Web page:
Heatwaves ultimately play a large role in increasing drought frequencies and intensity. Warmer temperatures cause more moisture to evaporate from the soil, making periods with precipitation drier. A change in the climate can also alter atmospheric rivers (narrow streams of moisture transported in the atmosphere), which can disrupt precipitation patterns. In this way, climate change has a direct impact on heatwaves and droughts.
In the US, extreme heat is the leading cause of weather-related deaths, with an average of 600 deaths per year. Heat stress occurs when the body is not able to properly cool itself anymore because sweat can not evaporate properly due to the high humidity. High temperatures can also be especially harmful to agriculture. Certain plants like corn, soybeans, and wheat require cooler temperatures at night to grow properly. Livestock can also be affected, with milk production from cattle decreasing in higher temperatures. Droughts have also been affecting transportation. Transport barges in the Mississippi river need at least 9 feet of water to move, and droughts can affect the water level in these places, making transport difficult. Droughts also create perfect wildfire conditions. Warmer and drier conditions also help fires spread and make them harder to put out. Finally, warmer and drier weather contributes to the spread of the mountain pine beetle. Mountain pine beetles are incredibly destructive to U.S. forests.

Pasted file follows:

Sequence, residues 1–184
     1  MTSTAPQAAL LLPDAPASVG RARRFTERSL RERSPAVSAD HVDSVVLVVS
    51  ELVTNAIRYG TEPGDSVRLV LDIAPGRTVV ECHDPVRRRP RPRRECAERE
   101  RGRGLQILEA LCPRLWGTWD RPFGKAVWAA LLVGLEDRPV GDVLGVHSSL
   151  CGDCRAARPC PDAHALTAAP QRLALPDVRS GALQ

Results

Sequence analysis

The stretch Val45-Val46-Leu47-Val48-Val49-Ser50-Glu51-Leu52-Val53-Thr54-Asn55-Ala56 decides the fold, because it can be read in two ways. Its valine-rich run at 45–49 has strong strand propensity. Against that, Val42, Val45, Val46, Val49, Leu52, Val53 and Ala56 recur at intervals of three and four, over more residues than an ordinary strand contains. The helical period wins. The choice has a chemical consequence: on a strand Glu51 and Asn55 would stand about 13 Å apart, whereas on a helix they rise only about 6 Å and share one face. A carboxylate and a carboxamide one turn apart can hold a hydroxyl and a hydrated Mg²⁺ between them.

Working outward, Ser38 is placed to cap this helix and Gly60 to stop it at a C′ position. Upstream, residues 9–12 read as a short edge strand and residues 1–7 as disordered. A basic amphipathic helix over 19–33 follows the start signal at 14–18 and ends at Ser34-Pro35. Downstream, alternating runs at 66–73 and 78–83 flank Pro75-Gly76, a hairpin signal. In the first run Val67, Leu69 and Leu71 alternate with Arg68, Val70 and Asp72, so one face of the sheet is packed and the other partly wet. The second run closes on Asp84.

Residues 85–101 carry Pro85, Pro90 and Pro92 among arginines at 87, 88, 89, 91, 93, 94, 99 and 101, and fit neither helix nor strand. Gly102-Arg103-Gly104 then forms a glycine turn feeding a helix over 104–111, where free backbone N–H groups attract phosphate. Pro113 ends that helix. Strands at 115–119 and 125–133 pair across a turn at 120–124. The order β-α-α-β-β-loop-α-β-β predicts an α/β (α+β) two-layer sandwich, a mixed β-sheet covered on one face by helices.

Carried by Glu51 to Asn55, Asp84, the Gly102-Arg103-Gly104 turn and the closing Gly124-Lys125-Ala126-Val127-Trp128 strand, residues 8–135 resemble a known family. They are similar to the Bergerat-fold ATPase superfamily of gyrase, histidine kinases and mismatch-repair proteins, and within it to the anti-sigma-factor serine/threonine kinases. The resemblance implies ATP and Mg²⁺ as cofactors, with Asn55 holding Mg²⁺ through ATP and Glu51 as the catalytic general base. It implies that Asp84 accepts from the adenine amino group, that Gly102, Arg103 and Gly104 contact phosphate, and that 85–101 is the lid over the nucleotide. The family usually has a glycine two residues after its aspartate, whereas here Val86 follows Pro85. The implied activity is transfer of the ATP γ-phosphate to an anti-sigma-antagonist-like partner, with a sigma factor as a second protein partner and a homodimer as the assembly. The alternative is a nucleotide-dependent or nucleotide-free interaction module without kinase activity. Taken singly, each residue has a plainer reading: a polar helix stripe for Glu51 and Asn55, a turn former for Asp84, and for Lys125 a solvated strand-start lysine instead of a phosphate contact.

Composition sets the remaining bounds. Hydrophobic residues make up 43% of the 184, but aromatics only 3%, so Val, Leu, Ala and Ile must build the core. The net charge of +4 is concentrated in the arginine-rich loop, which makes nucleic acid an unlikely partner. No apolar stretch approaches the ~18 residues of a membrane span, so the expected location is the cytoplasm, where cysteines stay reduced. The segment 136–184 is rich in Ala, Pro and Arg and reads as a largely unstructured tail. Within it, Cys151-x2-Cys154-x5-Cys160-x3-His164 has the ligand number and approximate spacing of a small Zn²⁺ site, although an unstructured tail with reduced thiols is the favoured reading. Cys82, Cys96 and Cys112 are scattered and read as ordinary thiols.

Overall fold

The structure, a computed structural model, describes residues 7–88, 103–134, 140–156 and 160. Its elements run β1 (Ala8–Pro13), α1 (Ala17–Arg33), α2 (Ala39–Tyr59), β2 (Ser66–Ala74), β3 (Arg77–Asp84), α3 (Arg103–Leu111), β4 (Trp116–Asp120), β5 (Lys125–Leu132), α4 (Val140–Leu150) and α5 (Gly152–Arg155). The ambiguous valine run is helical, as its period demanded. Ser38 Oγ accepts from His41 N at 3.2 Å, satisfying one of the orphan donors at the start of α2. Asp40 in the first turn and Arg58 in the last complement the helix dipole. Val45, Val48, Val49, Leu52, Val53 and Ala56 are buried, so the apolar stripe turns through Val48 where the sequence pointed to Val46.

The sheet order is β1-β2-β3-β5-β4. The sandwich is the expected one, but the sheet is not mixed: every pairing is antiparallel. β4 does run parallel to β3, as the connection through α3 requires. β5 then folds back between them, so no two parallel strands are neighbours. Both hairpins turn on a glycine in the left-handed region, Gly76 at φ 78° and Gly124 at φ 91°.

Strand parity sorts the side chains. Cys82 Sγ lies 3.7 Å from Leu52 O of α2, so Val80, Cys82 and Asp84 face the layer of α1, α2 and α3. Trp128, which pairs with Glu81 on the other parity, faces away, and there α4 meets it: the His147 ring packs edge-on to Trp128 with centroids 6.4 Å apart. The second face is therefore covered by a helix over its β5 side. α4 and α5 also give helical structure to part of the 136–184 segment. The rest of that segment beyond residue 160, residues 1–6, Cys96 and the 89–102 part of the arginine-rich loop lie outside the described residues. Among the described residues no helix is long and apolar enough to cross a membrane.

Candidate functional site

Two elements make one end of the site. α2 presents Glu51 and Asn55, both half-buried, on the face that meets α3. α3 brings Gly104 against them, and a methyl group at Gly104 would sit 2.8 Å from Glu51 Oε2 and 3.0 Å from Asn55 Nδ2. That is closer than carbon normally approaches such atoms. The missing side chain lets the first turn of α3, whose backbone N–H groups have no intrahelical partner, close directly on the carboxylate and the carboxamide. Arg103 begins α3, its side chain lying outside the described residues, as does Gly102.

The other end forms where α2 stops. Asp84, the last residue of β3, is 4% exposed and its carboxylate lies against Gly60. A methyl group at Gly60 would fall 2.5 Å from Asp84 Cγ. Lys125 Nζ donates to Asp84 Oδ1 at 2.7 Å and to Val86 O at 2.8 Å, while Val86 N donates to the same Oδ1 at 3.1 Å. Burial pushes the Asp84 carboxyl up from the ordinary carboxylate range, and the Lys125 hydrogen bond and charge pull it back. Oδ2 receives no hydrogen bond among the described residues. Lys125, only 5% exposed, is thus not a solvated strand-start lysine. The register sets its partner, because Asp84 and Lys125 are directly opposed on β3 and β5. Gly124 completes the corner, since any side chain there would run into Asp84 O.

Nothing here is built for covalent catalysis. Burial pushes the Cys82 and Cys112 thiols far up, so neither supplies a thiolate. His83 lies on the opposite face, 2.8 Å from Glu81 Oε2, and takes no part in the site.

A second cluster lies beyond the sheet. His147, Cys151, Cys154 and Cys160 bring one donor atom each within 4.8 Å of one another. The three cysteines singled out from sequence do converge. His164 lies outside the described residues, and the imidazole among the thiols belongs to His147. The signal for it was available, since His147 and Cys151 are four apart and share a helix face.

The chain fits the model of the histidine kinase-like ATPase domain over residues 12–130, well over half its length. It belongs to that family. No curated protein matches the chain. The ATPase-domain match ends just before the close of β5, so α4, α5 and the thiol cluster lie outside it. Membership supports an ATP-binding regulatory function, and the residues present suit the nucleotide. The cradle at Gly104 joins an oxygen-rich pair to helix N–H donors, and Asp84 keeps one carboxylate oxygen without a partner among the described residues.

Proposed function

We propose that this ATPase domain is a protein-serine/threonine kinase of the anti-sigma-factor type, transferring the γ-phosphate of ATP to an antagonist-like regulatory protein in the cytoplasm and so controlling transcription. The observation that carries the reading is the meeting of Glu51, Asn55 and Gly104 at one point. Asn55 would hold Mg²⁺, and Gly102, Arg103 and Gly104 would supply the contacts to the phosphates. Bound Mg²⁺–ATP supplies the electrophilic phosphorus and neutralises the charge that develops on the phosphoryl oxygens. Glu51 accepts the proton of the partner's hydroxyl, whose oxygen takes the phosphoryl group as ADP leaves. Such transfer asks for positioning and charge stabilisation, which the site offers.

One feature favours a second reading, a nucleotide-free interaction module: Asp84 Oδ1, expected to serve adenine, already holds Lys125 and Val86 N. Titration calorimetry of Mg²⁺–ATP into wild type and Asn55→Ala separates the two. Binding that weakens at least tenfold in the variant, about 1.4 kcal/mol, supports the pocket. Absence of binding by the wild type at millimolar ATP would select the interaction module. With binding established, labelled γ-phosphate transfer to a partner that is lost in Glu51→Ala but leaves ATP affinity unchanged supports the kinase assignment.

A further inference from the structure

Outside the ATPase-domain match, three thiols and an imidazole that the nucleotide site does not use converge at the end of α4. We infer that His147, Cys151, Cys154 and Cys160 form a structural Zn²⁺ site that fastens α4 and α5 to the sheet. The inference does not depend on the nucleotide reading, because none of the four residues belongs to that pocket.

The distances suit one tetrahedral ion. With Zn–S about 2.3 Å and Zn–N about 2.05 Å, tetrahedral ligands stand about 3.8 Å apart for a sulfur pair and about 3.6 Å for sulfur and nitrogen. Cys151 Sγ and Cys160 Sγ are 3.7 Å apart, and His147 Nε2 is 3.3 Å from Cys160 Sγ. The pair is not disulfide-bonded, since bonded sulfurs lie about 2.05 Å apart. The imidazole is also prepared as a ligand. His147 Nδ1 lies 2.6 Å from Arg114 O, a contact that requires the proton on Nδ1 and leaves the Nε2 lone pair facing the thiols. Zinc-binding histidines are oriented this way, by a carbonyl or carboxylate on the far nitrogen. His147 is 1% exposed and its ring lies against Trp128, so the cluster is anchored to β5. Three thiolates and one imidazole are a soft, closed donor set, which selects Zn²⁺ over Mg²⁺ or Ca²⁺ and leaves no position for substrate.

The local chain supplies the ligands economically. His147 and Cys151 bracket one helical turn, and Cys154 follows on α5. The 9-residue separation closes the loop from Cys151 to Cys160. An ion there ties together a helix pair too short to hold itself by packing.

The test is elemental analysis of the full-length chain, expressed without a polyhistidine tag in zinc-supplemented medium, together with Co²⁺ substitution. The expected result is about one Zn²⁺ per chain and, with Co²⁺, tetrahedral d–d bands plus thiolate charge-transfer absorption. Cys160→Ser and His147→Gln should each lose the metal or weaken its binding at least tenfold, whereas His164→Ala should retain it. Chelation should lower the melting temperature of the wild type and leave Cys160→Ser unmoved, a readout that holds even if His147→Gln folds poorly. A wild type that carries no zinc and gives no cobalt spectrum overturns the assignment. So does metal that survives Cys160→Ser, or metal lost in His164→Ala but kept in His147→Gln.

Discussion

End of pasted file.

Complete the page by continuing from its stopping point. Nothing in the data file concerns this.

Here are some ways we are trying to combat this:
- Creating heat preparedness plans and opening up cooling centers for people to escape the heat
- Installing cooling roofs and roads to reduce the urban heat island effect
- planting trees to provide shade and evapotranspiration to cool the air around them
Global warming is thought to have an effect on the frequency and intensity of natural disasters. Hurricanes, typhoons and other tropical storms, to be exact. Global warming is speculated to have an effect on decreasing the temperature difference in the poles. With less of a temperature difference, storms are less likely to form. However, even if the number of storms decreases, the intensity of them could go up. As temperatures rise, more and more water evaporates into the atmosphere, turning into fuel for a storm. Along with an increase in precipitation, this can also have an effect on wind speeds. Even if it is proven that global warming does not have a direct effect on storms, other aspects of climate change can contribute to the intensity of a storm. With a rise in sea level, storm surges will become much more destructive. Likewise, with sea-level rise, this is being combatted with the building of sea walls.